4. Remove the dish from the oven, pour the egg mixture over the vegetables and gently stir. Spoon the rest of the beans on top, poke in the halved tomatoes and bake for 30 minutes or until set and golden.
  5.  Cut into 8 portions and scatter with chopped fresh parsley to serve if desired.
Recette tarte patates douces

Photo credit: Alida’s Kitchen


A Southern classic with African roots, sweet potato pie is a scrumptious dessert that combines the rich flavours of sweet potatoes with the warmth of spices like cinnamon and nutmeg. 


Yield: 10 slices 


  • 2 lb. (900 g) sweet potatoes (about 4 medium) 
  • ½ c. (125 ml) milk 
  • 1 tbsp. (15 ml) applesauce 
  • 2 tbsp. (30 ml) brown sugar 
  • 2 eggs 
  • 1 tbsp. (15 ml) margarine, softened 
  • 1 tsp. (5 ml) cinnamon 
  • 1 tsp. (5 ml) vanilla extract


  1. Preheat oven to 400°F (200°C) and coat a 9’’ (22 cm) pie plate with cooking spray. 
  2. Place potatoes on a baking sheet and bake 50 to 60 minutes, until tender. Let cool 10 minutes, then scoop out pulp and place in a large bowl.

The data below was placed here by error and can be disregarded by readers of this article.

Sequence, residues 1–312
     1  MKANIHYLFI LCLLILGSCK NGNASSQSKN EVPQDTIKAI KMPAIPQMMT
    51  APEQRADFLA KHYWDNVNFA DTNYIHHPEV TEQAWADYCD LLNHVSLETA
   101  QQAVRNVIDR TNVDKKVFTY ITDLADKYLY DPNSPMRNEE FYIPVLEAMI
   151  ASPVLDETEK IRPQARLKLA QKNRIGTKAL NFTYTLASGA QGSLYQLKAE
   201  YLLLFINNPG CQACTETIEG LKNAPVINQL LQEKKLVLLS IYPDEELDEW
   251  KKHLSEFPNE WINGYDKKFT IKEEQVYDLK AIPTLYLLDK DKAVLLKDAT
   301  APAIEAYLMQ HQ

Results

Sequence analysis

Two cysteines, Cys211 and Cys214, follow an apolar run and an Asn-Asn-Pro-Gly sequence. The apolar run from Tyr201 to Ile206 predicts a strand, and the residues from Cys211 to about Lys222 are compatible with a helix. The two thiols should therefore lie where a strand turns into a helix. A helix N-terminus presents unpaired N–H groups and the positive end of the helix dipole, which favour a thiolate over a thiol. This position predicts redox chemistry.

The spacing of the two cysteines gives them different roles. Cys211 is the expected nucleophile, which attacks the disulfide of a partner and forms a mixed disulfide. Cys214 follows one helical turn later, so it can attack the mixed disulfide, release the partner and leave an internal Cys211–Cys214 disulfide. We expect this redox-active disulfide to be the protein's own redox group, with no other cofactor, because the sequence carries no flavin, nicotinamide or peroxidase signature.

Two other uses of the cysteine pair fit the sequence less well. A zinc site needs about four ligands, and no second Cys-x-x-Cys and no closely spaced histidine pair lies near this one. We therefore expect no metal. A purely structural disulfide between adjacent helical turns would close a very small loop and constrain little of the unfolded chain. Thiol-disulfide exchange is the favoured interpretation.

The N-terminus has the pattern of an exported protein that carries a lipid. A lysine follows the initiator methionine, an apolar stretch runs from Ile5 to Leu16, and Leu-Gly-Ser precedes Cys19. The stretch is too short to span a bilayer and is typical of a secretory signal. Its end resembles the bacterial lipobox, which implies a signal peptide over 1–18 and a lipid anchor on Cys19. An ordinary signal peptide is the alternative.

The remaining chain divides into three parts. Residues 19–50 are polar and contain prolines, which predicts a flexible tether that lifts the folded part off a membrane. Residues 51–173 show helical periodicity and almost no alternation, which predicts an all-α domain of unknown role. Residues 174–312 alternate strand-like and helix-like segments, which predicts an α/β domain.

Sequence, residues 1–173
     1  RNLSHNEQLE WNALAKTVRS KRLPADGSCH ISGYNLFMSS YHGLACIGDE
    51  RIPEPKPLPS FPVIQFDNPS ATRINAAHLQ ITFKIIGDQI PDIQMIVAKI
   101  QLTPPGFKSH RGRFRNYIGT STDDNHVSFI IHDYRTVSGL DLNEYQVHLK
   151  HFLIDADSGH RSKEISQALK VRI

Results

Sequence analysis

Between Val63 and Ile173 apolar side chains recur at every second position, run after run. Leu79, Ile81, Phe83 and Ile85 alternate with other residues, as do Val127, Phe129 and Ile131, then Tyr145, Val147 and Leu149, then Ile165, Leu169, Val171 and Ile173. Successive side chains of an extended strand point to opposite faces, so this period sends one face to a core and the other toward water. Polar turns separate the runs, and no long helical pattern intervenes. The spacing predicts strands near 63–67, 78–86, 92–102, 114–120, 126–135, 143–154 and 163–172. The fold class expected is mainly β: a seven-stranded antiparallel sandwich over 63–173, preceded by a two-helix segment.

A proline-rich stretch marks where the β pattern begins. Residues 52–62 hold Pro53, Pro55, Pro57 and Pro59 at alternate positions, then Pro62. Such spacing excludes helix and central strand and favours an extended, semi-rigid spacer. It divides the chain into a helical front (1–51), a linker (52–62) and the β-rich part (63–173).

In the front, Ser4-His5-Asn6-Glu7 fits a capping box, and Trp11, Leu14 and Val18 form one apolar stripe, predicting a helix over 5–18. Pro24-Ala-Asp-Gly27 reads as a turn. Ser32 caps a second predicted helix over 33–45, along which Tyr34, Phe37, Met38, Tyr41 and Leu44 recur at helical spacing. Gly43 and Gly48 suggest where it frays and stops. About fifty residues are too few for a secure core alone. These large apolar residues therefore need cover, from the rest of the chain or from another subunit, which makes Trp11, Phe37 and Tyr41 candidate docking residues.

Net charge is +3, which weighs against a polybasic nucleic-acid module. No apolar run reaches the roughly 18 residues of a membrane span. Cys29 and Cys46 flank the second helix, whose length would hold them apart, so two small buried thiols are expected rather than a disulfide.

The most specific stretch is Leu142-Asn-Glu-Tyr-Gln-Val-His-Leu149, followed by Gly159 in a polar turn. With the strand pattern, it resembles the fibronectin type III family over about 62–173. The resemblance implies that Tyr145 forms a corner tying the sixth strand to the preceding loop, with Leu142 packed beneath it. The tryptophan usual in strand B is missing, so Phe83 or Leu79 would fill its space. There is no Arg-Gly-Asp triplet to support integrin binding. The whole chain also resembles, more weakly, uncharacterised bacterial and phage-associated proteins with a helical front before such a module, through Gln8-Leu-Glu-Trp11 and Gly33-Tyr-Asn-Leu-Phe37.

3. Add remaining ingredients to bowl, and beat with an electric mixer until smooth. Pour mixture into pie plate. Reduce oven to 350°F (175°C). 
  4. Bake 45 to 50 minutes or until knife inserted into the centre comes out clean. Let cool, then cover and refrigerate until ready to serve. 
Recette Latkes

Photo credit: Mordu


These crispy potato pancakes are a Hanukkah staple. Top them with applesauce or sour cream for a savory and satisfying treat. 


Yield: 25 latkes 


  • 1 large onion (approximately ¾ c. or 175 ml) 
  • 2 lb. (900 g) Russet potatoes